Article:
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Thursday, 02 December 2010 11:29

Windows Phone 7 jailbreak pulled

Written by Nick Farell
windows_7_logo

Developers leant on by Microsoft
The creators of a jailbreak for Windows Phone 7 have pulled their creation after a stiffly worded letter from Microsoft ruined their day.

According to Ars Technica, ChevronWP7, was released last week. It was billed as a tool to allow development and installation of Windows Phone 7 applications on any phone, without having to go through the Microsoft approval process. As far as tools go, it was not well-received.  Some felt it was a step towards enabling application piracy on the new platform.

ChevronWP7's developers wanted homebrew development which meant that people could write applications without having to pay $99 to Microsoft for a Windows Phone 7 Marketplace account, without distribution via Marketplace, and without having to submit their software to Microsoft for validation. Next they wanted the software to be able to be developed by residents of those countries that are not currently eligible for Marketplace accounts.

But the ability to load custom applications without going through Marketplace is what raised piracy concerns. Microsoft is a little worried that with the OS new,  piracy for that platform could send third-party developers running for the hills. ChevronWP7 enables pirates to load applications without going through the official channels.

The ChevronWP7 developers claimed that their tool did not enable piracy as it did nothing to take down theDRM imposed on applications downloaded from the Marketplace. But really ChevronWP7 applications could do anything. An application developed and deployed with ChevronWP7 could modify the operating system in some way to allow anything a pirated wanted.

The Imperium was quite low key publically about the jailbreak. It just muttered stuff about breaking warranty and it could brick your phone. However it seems that behind the scenes it released the hounds.

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Comments  

 
+7 #1 Fud_u 2010-12-02 12:00
I guess Gates still have more power than Lord Jobs.
 
 
+13 #2 hellfire 2010-12-02 12:04
Quoting Fud_u:
I guess Gates still have more power than Lord Jobs.

esp. considering that Gates left Microsoft 2 years ago?
 
 
+4 #3 codechimp 2010-12-02 16:01
This article is pure drivel. First, the chevron app IS NOT a jailbreak. All it did was unlock developer mode. Second, it gave the user no more rights than a regular user. A developer (who paid $99), can also side load apps, so when you say, "Could modify the operating system in some way to allow anything a pirated wanted." So could a developer, but chevron didn't do that. The underlying OS was still locked out to the user. Please get your facts straight Nick. OH, and FYI, it was well received because people want to home brew (Eg: write apps for themselves without MS approval, the current marketplace has a poor workflow). MS also later decided to hold talks with the chevron team regarding homebrewed apps. This is NOT a piracy or jailbreak tool.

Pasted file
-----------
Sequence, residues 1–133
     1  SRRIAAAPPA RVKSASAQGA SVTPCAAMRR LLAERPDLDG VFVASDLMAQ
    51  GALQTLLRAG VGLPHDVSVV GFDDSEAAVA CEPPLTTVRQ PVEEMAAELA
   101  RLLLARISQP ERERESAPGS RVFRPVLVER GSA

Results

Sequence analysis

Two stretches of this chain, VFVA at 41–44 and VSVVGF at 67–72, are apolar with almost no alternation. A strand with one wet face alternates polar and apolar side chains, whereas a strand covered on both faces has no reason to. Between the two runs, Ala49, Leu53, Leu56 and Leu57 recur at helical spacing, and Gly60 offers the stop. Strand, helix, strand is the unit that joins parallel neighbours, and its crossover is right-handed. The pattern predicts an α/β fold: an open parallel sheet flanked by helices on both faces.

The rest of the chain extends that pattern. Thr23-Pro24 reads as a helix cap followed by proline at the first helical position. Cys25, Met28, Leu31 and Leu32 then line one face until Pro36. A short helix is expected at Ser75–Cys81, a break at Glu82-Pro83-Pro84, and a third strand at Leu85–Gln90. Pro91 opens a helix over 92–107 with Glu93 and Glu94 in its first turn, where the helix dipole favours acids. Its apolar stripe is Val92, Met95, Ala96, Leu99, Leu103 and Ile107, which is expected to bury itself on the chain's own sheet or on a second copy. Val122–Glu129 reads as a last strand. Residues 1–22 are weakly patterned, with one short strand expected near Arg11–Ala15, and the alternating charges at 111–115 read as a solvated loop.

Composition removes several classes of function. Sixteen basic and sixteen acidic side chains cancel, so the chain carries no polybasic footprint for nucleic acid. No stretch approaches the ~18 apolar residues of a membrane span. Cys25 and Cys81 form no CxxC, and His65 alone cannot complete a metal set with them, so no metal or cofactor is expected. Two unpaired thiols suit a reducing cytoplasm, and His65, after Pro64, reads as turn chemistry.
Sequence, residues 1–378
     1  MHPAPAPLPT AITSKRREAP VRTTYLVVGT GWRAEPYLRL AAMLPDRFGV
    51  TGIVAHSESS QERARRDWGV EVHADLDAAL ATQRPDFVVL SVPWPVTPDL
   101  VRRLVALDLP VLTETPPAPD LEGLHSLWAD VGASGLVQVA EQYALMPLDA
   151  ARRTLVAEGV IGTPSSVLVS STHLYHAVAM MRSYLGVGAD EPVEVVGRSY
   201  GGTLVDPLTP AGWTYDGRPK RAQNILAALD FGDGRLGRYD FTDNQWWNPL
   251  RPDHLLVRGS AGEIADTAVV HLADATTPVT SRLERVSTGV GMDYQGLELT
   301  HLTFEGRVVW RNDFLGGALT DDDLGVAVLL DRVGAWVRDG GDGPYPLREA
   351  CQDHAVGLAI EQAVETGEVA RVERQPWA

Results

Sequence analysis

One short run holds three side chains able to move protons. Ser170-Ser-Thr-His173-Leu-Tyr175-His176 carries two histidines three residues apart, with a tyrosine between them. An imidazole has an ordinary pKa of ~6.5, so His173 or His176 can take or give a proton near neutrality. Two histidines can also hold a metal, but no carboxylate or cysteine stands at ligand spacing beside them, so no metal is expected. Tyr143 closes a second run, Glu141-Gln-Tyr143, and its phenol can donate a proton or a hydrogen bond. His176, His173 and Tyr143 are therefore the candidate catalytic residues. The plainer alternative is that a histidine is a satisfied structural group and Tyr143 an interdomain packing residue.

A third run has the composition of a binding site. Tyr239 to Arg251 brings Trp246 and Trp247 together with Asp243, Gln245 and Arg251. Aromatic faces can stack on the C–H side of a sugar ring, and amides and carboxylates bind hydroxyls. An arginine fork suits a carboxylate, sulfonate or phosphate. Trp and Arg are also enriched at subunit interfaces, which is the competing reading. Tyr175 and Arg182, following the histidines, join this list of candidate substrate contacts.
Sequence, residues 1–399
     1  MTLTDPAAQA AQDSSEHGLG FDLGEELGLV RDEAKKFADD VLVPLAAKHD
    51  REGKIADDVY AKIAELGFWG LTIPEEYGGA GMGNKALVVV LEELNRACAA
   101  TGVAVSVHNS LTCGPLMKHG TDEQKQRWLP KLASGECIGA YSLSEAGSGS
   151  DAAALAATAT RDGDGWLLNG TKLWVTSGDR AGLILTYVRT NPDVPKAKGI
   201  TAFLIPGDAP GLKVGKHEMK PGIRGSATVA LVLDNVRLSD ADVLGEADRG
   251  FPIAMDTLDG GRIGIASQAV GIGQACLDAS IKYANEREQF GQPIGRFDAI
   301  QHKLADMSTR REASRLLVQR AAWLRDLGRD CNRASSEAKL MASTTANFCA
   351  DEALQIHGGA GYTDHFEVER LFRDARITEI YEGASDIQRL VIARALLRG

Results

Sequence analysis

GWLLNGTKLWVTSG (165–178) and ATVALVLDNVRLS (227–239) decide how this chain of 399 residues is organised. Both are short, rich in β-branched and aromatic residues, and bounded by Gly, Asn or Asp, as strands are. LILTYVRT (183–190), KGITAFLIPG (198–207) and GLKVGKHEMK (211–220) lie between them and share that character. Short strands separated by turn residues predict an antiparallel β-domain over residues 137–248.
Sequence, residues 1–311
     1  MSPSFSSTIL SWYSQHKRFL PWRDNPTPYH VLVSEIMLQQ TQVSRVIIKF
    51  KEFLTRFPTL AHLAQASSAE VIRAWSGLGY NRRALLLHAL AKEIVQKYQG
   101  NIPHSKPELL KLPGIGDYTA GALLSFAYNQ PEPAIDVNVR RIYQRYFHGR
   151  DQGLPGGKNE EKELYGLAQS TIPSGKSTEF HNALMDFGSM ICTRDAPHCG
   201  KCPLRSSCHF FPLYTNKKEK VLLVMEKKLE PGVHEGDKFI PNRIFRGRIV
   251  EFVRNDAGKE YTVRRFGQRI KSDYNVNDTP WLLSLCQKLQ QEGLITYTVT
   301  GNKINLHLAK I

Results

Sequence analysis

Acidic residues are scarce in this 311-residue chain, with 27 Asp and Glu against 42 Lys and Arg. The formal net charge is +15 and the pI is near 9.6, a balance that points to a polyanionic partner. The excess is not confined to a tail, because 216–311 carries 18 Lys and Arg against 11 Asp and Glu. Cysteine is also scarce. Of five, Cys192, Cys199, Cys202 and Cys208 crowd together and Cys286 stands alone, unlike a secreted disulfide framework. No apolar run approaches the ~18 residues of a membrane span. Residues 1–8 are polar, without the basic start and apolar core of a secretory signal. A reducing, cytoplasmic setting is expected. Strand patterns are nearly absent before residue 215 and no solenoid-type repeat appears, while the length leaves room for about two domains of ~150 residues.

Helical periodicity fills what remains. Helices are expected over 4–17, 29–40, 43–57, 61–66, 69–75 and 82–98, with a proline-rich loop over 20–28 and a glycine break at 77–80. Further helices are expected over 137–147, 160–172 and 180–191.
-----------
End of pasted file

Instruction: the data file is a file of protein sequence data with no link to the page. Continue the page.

-3 #4 Fud_u 2010-12-02 16:37
Quoting hellfire:
Quoting Fud_u:
I guess Gates still have more power than Lord Jobs.

esp. considering that Gates left Microsoft 2 years ago?


It doesn't mean MS does not belongs to him.
 
 
-2 #5 hellfire 2010-12-02 20:49
Quoting Fud_u:
Quoting hellfire:
Quoting Fud_u:
I guess Gates still have more power than Lord Jobs.

esp. considering that Gates left Microsoft 2 years ago?


It doesn't mean MS does not belongs to him.


It mean MS belongs to Steve Balmer for this 2 years
 
 
0 #6 Wolfdale 2010-12-03 01:55
Quoting hellfire:
It mean MS belongs to Steve Balmer for this 2 years



well your both right really,

steve balmer is the CEO and chairman of MS for the past few years,
however, mr gates still holds a large portion of the shares, and is still a voice in the board of directives etc
hes not in active duty as a ceo, but you bet he still has a thing or two to say there :)
 
 
0 #7 codechimp 2010-12-03 05:17
Much better Nick, Your additions to this article, sheds a lot more light on the situation. Thanks!
 

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